version (feminine), village (masculine), journal (masculine), etc.
o Although the French language classifies its vocabularies with a
masculine or feminine tag, this, by no means, should be interpreted as
a form of sexism. Nevertheless, there have been pushes to make
French a gender-neutral language, especially for job titles, in which
the name of some jobs may only reflect a feminine or masculine
connotation, e.g. artiste (feminine), dentiste (masculine), pilote
(masculine), professeur (masculine), etc.
• Understanding Europe,
o Refugee crisis
o Brexit
• Understanding the Arab World,
o Arabs vs Berbers (difference in ethnicity despite being a Muslimmajority population) and Arabs vs Hebrews (difference in religion
despite living in a similar region)
o Arab nationalism amidst the ongoing political influences from France,
the Great Britain and ultimately the USA in recent years
• Understanding the USA.
o Regionalism
o Race and Immigration
• (Im)Politeness in Global Society.
o Diversity in workplace (Rock and Grant, 2015) enhances productivity
Social justice
• Understanding Europe,
o Refugee crisis: refugees’ difficulties in integrating into a new society
and racial discriminations
• Understanding the Arab World,
o Black Skin, White Masks (Frantz Fanon): Fanon shares his own
experiences in addition to presenting a historical critique of the
effects of racism and dehumanisation, inherent in situations of
colonial domination, on the human psyche.
• Understanding the USA.
o Race and Immigration: in a multicultural nation, where people of
every race lives alongside with one another, there are compromises
that must be made, although racial discrimination may never come to
its end,
o The Presidential Election System: electorate may falsely represent
voices of the people
Outline for “Reflective Project”
Introduction (100 words)
– University experience with Global Citizenship Award
o When I was in high school, I was a part of numerous extra-curricular
activities, partly to enhance my profile for university application. Progressing
to university, I took a step back and reflected on what I truly want to do. I am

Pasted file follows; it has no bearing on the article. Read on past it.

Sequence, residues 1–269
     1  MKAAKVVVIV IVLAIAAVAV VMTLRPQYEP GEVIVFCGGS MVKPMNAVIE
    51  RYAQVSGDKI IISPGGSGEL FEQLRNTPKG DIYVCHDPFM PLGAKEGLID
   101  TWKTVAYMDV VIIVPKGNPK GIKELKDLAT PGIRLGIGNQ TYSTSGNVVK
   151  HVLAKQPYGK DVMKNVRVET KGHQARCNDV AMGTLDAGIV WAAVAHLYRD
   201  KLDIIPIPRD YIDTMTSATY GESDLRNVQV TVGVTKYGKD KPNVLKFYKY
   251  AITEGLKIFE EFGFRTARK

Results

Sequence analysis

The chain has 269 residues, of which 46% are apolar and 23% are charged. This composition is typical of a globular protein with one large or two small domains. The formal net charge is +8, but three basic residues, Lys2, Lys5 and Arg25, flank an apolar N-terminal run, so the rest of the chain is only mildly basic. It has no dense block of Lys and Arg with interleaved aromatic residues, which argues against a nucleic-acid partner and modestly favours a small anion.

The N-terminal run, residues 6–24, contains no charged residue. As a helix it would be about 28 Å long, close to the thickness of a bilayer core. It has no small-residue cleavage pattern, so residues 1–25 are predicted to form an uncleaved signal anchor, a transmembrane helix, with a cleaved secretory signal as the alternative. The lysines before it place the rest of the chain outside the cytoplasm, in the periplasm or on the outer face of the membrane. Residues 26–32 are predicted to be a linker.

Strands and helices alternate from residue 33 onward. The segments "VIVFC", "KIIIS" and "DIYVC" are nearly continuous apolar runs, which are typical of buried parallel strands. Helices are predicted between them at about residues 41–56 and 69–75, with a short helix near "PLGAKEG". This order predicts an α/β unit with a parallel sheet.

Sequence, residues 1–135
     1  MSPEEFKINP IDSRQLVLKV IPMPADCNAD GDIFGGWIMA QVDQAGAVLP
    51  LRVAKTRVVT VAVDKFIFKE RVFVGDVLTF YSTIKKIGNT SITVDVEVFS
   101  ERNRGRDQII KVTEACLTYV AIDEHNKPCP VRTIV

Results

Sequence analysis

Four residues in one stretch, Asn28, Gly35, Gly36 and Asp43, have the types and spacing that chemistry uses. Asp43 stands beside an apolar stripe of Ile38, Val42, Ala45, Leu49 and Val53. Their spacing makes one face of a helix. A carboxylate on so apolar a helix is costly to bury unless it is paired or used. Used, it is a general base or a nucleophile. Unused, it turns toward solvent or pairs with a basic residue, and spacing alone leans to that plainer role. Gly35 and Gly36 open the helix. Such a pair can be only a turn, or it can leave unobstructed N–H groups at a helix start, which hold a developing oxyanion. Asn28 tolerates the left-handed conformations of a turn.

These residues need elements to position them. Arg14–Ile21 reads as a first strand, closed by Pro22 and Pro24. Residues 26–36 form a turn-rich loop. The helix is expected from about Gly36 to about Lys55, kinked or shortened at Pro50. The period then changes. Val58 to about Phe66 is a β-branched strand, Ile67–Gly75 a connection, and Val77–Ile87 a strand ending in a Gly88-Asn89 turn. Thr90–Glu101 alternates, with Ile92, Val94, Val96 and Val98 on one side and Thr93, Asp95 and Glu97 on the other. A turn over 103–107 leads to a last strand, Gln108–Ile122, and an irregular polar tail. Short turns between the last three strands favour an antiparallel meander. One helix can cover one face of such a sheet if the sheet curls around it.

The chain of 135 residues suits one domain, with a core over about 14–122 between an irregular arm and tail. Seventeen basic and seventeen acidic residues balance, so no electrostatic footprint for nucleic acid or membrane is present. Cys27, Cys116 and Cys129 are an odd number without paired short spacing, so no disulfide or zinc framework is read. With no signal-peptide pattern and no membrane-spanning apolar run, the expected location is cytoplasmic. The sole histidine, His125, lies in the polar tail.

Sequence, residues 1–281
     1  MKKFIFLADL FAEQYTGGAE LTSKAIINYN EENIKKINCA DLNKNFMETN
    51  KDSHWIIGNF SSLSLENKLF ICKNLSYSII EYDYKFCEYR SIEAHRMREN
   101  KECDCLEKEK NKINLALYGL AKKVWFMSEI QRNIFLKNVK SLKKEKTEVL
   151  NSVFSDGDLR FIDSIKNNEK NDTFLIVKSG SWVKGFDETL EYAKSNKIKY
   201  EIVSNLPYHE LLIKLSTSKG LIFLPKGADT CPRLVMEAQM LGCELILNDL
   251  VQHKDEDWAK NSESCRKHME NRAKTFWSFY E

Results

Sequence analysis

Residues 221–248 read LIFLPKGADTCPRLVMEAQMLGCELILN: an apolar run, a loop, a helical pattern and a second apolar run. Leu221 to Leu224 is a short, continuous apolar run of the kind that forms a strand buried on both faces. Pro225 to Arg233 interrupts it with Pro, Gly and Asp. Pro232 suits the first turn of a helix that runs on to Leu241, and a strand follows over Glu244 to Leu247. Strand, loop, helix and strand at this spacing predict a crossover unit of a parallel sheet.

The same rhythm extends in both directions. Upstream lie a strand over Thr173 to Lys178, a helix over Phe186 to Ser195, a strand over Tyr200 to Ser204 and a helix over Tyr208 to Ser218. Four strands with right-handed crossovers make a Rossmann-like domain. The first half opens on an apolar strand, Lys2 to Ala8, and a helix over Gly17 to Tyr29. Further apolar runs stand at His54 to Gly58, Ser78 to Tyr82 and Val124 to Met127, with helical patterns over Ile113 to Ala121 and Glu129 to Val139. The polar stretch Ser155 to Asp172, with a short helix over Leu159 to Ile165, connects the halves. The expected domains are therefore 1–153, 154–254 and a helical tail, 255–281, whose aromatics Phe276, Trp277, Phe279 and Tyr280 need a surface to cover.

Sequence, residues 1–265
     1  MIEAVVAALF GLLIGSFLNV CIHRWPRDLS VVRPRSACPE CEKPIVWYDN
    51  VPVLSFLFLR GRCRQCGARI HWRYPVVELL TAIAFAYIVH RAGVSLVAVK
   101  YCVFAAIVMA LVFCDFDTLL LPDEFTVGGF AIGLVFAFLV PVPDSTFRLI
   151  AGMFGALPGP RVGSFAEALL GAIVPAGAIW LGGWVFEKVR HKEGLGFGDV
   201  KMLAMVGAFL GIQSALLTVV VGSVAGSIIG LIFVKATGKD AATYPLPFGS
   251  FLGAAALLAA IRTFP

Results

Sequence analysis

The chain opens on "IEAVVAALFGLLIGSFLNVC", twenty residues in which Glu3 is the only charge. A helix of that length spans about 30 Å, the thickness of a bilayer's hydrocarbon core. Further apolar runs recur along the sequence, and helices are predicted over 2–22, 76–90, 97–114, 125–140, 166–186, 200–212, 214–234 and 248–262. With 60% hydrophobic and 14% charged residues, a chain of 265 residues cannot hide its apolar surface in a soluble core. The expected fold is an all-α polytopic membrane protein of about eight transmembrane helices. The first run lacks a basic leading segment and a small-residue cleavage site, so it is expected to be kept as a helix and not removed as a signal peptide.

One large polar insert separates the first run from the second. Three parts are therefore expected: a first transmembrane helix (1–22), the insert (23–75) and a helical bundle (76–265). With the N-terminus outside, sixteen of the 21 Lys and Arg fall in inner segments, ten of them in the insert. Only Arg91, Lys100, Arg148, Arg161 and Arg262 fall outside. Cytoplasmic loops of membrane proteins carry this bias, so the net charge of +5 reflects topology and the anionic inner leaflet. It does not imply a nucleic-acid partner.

and have always been an avid traveller, and as such, I want to take this
opportunity to gain more exposure of the cultures around me and learn more
about myself.
– What have I done so far?
o I embarked on a short-term exchange to Peking University to learn Mandarin
and Chinese cultures.
o I took internship and paid positions overseas.
o I learned a new language whilst at university.
o I studied the history and cultures of multiple regions of the world, including
the United States, Europe and Arab World–a region that I have known very
little of, despite I used to frequently discuss ongoing issues, e.g. ISIL, in such
region at Model United Nations conferences whilst in high school.
o I took classes that aim to explain the underlying theories of leadership and
management, alongside enrolled in an online course investigating the different
perspectives of politeness in society.
Body 1: Global citizenship (300 words)
– Global citizenship: a person who understands ongoing of the wider world around
them and able to make a difference by realising their position in such a world.
o Intercultural understanding: realising the differences, whether social or
cultural, existing between individuals or a group of individuals and linking
such realisation to form a more holistic view of the world around me,
§ PKU exchange:
• Wealth is not a sole indicator of social position,
• “Absolute patriotism” and observance of rulings;
§ Introductory French 1:
• Faux ami: although words can be borrowed from other
languages as the linguistic and culture intertwines, words that
look or sound familiar to another language does not mean that
they share a similar meaning;
§ Understanding Europe:
• Greek and German approach on finance and social welfare:
whereas the Germans are more conscious about savings after a
long period of civil war, the Greeks are more lavish and its
government spent more money than it could, eventually leading
to a financial crisis in the Eurozone;
§ Understanding the Arab World:
• Differences between Arabs, Middle Easterns and Muslims: The
Middle East, Arab and Islam are often regarded as a “highlypoliticised, raucous matter,” and so do Middle Easterns, Arabs
and Muslims. Yet, one must understand that the trio is not
interchangeable;
§ Understanding the USA:
• Races and immigration: immigration has shaped the American
melting pot and for everyone to live well with one another, one
must learn to take a step back and appreciate the other’s
cultural identity;
§ World Cultural Heritage:
• The transboundary site of Struve Geodetic Arc: culture does
not include only food or festivals but can also be influenced by
the geographical similarities between countries;
§ (Im)Politeness in Global Society
• Usage of softening expressions (Vietnamese vs Westerner),
• Shopping culture (Chinese vs Japanese);
o International experiences: stepping out of my comfort zone by going abroad
and witness more co-existing cultures, ideas, values, beliefs and religions,
§ PKU exchange: